People write to be a part of human creativity and culture.


  7. says

    I teach a writing retreat in Taos every year and the workshop that always gets the most aha’s is Writing Naked – which is not about writing porn but rather about this very thing… finding the ways you can settle in, trust, listen for, lean into that which is most true for you in any given moment and write from there, write about that.

    It’s scary for lots of people and rightfully so but to not go there is to be cut off from inspiration and growth and verve and a reason to go the computer or even get up in the morning.

    I also think it is what readers are so hungry for. In this endlessly hyped world, what rings true feeds us and we treasure the writing, and the person, for gifting us that.

    Okay, back to writing naked (with lots of clothes on this cold first day of spring).

  8. says

    This post is SO true. I am a Realtor and started a real estate blog last year. I have not kept up with it, because I don’t have anything cheerful to write about the market. In the meantime, I have started a blog for my creative, crafty projects and I am seriously OBSESSED with posting. I think I’ve found my true voice! :)

  9. says

    Said with true grace. I’ve always had a voice, but I still don’t know for what purpose it was given. Hopefully, I will know soon.

  10. says

    I’m not entirely convinced that finding my voice made my writing “effortless”.

    For years, I struggled to find my own unique voice as a writer. Eventually, I realized that I’m basically a smart aleck, so that’s what I write.

    Sometimes the writing comes as easily as gliding down a snow-covered slope; sometimes it’s like climbing a mountain of ice. Finding my voice didn’t make the writing easier, it just made it worth the effort.

  11. says

    I agree, I think it’s the process of letting your mind flow through words… I often think that words ARE my art; the way they flow and the tone of how they sound together. I don’t have any actual artistic skills, except those that come out of me via letters, symbols, phrases, words…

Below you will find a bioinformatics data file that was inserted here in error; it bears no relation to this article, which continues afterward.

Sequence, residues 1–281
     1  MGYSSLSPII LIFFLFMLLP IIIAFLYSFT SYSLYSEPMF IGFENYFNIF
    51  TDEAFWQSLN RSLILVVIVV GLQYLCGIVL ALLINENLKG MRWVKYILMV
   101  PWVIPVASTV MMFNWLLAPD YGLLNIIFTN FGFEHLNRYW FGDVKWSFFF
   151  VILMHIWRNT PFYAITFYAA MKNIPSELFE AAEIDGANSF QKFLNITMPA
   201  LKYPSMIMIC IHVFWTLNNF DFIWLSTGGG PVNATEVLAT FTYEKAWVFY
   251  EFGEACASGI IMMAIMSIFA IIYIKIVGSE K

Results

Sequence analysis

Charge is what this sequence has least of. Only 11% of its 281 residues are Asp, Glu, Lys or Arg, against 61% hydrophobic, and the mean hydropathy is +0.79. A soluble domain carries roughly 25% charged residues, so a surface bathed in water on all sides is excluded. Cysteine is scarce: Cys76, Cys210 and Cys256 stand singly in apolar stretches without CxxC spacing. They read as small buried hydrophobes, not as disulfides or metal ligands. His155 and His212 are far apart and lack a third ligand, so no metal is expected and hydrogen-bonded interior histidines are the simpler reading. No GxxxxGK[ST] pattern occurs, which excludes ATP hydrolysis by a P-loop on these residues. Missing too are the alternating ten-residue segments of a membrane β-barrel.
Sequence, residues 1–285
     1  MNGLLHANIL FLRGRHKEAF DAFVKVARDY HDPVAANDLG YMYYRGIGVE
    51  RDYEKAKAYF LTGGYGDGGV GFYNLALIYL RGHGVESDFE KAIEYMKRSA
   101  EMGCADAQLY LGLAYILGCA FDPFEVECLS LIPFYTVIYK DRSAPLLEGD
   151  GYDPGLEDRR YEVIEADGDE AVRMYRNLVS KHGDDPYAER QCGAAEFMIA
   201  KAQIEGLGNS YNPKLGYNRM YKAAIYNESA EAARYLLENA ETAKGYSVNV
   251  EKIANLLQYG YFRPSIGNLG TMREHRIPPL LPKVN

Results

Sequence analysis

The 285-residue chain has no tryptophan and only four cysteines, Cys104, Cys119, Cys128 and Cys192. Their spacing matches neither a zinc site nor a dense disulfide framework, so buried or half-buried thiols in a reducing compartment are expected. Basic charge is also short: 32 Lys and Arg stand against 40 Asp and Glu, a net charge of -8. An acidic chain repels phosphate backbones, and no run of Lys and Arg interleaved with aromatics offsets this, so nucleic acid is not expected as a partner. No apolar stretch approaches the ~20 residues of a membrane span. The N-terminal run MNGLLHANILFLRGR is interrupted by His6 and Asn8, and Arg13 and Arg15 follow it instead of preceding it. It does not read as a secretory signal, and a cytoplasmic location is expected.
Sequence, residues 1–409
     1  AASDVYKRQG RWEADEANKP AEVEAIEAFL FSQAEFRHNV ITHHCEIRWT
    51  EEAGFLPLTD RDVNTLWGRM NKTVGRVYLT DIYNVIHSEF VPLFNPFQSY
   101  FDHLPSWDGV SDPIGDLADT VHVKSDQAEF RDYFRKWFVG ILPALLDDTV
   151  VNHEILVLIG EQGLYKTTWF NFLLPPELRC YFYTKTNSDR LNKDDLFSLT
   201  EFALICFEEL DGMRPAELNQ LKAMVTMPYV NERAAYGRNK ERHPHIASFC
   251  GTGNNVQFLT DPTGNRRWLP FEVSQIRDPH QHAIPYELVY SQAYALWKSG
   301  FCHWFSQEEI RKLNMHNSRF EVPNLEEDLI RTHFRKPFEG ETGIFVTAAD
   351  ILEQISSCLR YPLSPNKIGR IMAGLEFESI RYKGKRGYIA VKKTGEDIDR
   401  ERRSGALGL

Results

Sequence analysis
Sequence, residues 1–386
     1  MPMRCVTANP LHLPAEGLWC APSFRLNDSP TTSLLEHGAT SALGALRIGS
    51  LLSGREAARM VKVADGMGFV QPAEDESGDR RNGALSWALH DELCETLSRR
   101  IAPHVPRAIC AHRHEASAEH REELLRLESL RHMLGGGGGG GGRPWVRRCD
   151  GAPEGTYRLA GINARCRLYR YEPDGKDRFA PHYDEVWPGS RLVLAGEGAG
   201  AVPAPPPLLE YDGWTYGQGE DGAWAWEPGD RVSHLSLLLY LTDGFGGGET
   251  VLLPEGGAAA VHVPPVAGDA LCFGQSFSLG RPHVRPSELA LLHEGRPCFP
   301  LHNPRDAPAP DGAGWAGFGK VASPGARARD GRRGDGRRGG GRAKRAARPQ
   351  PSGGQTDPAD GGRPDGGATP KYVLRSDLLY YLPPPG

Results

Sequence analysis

12. Cleo says

    What a lovely piece to contemplate! Coincidentally, just last night I took a stab at writing a short story for children. It started with just one thought and then uncontrollably gushed out. Within one hour I had a full draft. I thought to myself, wow this was fun and so, so ‘me’! Perhaps I have just found my voice — yep, ‘grace’ is what it felt like!

  13. says

    You write because it is a compulsion. You write because you need to be sure about what your inner voice is actually saying. You write because you need to light a torch and carry it through the caverns of your mind. You write because nothing else matters.

  14. says

    Impactful piece, Steve!

    I fell in love with writing in the first grade. I especially loved learning grammar – spelling, punctuation, sentence structure, etc. Forget math! Too black and white, too many definitives.

    Needing to write ranks right up there with needing oxygen!

    Writing is a fabulous medium, a venue for total and free expression. You get to use your “noodle”, be creative, have fun, and just be You.

    For me, writing is pure Passion.

  15. says

    I’m a very analytical person, so I tend to write about things which require quite a bit of analysis–for me that is who I am.

    But there’s still a difference between writing about some things and others. The ones that are easiest are the ones which I’ve already thought about a lot, or where there’s a particular point standing out which I’m keen to get across (as when writing a blog comment, for example!)

    Often I’ll want to write something, have it all laid out in my head, but maybe not get it down because I haven’t time–and then when I come back to it later, it’s much more difficult to write because the urgency has gone. I think the urgency is what gives clarity to my thoughts: there’s one main point I want to get across, and a number of background ideas in my mind which will be set down when the appropriate moment comes. They’re lined up as it were, waiting to be used.

    Other times, it’s difficult because there are too many things I want so say and I can’t see where to start, or because I’ve not yet clarified my thoughts.

    I think there might be an analogy with musical performance, too: the most effortless playing comes from years of practising in order to have the resources at your fingertips, or from weeks of learning the ins and outs of a particular piece.

    So I don’t think ease and struggle are necessarily opposed–I think they might be two sides of the same coin.

    This has almost become a post in itself–apologies! But those are my thoughts.

  16. says